The alternative release scenario (ARS) for HF at this facility is a ten minute release of 1,000 pounds from a failed HF circulation pump seal. This scena
rio results in the potential for off site impacts, based on EPAs Offsite Consequence Analysis Guidance. The ten minute release duration is based on the time it would take to identify the release and isolate it from the remaining inventory. No other passive or active mitigation measures were taken into account in evaluating this scenario. Mitigation measures that would help to prevent, identify and minimize the effects of this release include: dual pump seals, HF detection devices, motor operated valves, and remote operated water mitigation.
The worst case scenario (WCS) for a flammable substance release from this facility involves the release and subsequent vapor cloud explosion (VCE) of the full inventory of a butane storage tank. The capacity of the tank is 5,180,000 pounds of butane. This scenario results in the potential for off site impacts, based on EPAs Offsite Consequence Analysis Guidance. Although we have numerous controls to prevent such relea
ses and to manage their consequences, no credit for passive mitigation measures were considered in evaluating this scenario.
EPA recommends that the VCE be modeled using a "TNT equivalent model". A TNT equivalent model assumes that the release is in an area where the equipment is highly congested (within a few feet of each other). For this WCS, the release is in an open tank farm area which is not congested. This would substantially reduce the over pressure of the blast which the TNT equivalent model does not account for. Therefore, the distance reported for this release may be overstated.
The alternative release scenario (ARS) for flammable substances at this facility is a VCE of a process vessel (88,000 pounds). This scenario results in the potential for off site impacts, based on EPAs Offsite Consequence Analysis Guidance. Although a VCE scenario is unlikely, it was the only flammable ARS which resulted in the potential for off site impacts. The water deluge system surrou
nding the process vessel would help to prevent a VCE.
5. GENERAL ACCIDENTAL RELEASE PREVENTION PROGRAM STEPS 40 CFR 68.155(d)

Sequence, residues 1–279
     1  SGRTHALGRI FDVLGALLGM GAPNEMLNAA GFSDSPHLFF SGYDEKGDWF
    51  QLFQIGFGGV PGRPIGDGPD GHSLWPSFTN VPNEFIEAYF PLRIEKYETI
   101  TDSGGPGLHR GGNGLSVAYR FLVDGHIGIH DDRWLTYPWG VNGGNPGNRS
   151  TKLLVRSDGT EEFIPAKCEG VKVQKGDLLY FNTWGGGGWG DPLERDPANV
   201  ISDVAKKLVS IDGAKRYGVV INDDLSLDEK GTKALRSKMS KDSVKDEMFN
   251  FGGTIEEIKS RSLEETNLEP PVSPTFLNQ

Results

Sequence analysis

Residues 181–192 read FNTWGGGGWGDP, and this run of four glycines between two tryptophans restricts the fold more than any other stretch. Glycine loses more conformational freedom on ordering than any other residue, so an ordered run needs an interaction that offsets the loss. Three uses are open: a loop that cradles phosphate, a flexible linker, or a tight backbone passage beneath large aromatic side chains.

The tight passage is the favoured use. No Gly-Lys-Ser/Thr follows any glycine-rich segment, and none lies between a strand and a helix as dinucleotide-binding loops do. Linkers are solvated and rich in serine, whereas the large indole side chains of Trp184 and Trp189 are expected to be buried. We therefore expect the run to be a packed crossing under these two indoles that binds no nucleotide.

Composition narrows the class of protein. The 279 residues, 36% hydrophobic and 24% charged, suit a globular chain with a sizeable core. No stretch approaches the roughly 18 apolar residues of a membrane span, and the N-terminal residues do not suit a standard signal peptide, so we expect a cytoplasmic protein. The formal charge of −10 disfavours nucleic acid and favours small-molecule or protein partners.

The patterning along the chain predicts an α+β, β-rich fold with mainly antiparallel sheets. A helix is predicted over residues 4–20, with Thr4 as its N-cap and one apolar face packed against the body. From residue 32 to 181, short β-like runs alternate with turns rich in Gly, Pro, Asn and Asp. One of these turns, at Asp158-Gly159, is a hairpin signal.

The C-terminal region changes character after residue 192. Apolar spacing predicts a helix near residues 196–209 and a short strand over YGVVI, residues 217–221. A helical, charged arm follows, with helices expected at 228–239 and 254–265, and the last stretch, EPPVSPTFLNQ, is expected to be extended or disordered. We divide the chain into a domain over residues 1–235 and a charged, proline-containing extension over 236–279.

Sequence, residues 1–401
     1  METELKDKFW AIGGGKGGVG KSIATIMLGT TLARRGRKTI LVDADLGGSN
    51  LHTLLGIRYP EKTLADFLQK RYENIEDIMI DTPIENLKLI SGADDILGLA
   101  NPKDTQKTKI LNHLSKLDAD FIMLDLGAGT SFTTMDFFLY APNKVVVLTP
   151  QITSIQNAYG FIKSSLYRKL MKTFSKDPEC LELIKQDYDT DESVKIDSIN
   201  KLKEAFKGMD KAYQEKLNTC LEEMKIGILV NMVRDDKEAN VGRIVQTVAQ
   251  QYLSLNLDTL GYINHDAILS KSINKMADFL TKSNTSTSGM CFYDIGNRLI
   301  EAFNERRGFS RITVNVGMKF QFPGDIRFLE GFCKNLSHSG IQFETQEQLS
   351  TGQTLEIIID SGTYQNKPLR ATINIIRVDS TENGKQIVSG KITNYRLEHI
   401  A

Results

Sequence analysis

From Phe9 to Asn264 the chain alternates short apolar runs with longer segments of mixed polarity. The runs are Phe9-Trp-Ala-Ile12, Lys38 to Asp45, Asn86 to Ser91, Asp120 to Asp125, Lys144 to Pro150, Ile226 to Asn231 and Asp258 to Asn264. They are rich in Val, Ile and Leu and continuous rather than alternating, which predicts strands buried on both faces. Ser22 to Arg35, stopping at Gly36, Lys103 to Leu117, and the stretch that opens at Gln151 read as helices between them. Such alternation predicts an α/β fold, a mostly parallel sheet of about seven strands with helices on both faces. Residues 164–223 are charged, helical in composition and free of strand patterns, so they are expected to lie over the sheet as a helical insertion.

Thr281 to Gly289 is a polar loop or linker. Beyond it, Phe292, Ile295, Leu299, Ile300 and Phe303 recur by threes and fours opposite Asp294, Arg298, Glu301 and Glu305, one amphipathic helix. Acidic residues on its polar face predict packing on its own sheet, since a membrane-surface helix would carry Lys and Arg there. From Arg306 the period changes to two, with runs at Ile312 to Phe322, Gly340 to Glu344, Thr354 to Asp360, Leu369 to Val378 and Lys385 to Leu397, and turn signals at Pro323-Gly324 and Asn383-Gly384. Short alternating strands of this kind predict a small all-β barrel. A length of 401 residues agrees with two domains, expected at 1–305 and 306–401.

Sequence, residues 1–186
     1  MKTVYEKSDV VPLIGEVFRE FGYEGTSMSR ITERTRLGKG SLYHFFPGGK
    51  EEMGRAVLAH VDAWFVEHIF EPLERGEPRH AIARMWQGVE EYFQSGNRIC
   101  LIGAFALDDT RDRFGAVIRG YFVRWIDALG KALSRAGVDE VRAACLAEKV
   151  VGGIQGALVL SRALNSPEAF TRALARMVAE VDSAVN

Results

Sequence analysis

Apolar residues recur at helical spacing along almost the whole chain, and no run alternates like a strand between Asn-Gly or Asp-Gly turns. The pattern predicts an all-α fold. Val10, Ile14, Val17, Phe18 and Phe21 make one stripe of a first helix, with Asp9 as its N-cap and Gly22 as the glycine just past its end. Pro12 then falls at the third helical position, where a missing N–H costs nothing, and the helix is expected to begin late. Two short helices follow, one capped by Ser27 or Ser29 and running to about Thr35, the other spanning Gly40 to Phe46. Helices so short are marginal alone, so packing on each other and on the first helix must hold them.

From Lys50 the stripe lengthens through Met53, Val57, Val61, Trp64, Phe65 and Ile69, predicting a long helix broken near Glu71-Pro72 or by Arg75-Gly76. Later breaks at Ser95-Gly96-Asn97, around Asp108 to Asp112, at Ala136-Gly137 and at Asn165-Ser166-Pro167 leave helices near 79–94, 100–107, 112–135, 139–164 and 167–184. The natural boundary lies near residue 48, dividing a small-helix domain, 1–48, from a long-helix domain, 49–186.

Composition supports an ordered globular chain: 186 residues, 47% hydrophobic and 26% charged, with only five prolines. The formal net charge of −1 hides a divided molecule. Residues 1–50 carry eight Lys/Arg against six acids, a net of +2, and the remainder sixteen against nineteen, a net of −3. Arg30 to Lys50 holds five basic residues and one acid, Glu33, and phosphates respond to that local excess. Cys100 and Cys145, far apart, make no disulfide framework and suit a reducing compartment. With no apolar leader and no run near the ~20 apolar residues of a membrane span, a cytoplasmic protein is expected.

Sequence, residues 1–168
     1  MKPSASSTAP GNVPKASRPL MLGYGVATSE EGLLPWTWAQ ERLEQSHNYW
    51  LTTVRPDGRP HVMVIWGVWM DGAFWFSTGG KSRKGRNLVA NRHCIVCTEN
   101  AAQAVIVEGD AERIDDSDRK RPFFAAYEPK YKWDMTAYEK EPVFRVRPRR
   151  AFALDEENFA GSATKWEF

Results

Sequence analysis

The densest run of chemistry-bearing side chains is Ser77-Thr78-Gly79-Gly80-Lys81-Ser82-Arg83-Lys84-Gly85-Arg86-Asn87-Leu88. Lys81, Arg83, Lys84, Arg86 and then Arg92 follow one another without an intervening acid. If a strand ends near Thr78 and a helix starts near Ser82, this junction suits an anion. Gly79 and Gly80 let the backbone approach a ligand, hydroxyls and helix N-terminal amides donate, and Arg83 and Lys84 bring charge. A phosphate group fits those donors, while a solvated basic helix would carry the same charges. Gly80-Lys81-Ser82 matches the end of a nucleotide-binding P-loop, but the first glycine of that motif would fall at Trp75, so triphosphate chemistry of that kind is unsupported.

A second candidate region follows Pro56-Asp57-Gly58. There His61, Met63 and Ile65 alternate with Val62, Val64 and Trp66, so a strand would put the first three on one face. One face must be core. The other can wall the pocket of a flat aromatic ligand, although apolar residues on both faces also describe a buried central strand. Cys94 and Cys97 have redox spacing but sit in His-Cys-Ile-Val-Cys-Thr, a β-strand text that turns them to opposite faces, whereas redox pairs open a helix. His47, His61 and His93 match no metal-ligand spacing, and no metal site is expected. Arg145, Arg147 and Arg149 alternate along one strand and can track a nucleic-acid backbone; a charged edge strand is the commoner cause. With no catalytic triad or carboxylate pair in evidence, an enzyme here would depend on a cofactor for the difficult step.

The following is a summary of the general accident prevention program in place at the refinery. Because the processes at the refinery are regulated by the EPA RMP regulation and OSHA PSM standard, this summary addresses each of the OSHA PSM elements and describes the management system in place to implement the accident prevention program.
It is part of Cenex Harvest States culture to ensure systems, procedures and people work together to prevent chemical releases from occurring. In addition to many support functions, e.g., engineering, inspection and maintenance, Cenex uses a "layers of protection" approach for preventing chemical and flammable releases so that an unlikely failure in one layer will not defeat the safeguards provided by another layer. These layers are diverse and independent of each other and include the following:
(1) Equipment i
s designed and constructed using sound engineering practices.
(2) Control systems monitor equipment operation to keep it within normal limits.
(3) Alarms indicate when operations are outside normal limits and trained operator technicians make the proper response to correct the deviation.
(4) Instrument and mechanical protection devices prevent excessive equipment temperature or pressure automatically.
(5) Emergency response plans, equipment and trained personnel are in place to respond to an accidental release.
(6) Cenexs and the communitys emergency response plans are integrated to protect the workers, community and the environment through avenues such as the community warning siren system.
Employee Participation (CENEX HARVEST STATES policy: PSM_I_2)